Last year, Florida went on record in support of private property rights protection, passing one of the most comprehensive eminent domain reforms in the country. As a result, eminent domain cannot be used by community redevelopment agencies to take property from one private owner and give it to another in the instance of "slum" or "blight." A constitutional amendment also passed prohibiting the use of eminent domain to accomplish any private-to-private transfer of ownership and control unless approved by a three-fifths vote of the Legislature.
Now, just one year later, the Legislature is on the verge of giving money to government to do what it said last year should not be done. The question is: Will our legislators stick to their guns on private property rights?
Senate Bill 432 is a proposed appropriation bill that on its face seeks to fund seaport projects that improve moving goods and people to enhance global trade at Florida's 14 deepwater ports. These monies will come from the redirection of $10 million annually from vehicle registration fees or revenues outside of those generated by the ports themselves. The problem is that, unless modified, the legislation would enable seaports to use funds in eminent domain for private-to-private land takings, and we know at least one would.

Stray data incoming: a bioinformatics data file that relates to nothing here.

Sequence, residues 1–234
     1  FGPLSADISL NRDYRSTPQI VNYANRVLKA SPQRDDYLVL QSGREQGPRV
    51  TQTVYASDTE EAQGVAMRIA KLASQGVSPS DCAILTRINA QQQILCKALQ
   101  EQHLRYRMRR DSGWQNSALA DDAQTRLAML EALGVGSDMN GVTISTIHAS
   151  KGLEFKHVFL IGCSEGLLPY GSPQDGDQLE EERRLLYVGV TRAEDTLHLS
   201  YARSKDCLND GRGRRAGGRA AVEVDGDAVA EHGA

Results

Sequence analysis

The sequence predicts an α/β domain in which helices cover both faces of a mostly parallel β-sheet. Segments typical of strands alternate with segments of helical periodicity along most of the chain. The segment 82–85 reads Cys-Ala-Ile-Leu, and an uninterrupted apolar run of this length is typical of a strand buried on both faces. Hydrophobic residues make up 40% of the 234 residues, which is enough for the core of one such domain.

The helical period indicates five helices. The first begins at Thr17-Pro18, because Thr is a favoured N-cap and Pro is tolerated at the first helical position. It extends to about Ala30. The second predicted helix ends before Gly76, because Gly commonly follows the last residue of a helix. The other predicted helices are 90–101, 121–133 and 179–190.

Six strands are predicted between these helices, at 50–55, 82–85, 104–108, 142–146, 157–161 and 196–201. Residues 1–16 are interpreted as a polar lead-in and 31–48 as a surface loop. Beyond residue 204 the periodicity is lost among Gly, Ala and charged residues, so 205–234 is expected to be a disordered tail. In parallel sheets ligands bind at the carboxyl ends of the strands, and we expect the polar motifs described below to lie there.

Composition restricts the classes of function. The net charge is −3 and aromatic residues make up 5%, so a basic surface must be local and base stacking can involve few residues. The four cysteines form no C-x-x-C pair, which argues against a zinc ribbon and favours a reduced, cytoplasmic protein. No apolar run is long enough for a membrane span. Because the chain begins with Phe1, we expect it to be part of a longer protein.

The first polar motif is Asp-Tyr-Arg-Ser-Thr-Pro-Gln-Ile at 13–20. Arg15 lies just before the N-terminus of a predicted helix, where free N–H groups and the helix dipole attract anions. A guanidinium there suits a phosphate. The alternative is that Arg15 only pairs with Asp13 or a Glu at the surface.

The Jacksonville Port Authority is in fact currently pursuing a condemnation lawsuit to take approximately 65 waterfront acres from Keystone Coal Company, just to lease it to a competitor, Drummond Coal Sales, Inc. Jaxport, like many public port authorities, is a "passive landlord port," meaning it does not operate facilities leased to others. Of further note, Jaxport's revenues are not put back into the general revenue funds of the community, but instead are used to fund further port expansion as part of "economic development." Is this an example of how state funds should be used? Is "economic development" really accomplished by government choosing one private entity over another who through private ownership sought to do the same thing?
Daytona Beach FL News-Journal: http://www.news-journalonline.com
Andrew Brigham is a partner at Brigham Moore LLP, a law firm in Florida that represents owners in property rights and eminent domain cases: http://www.eminentdomain.com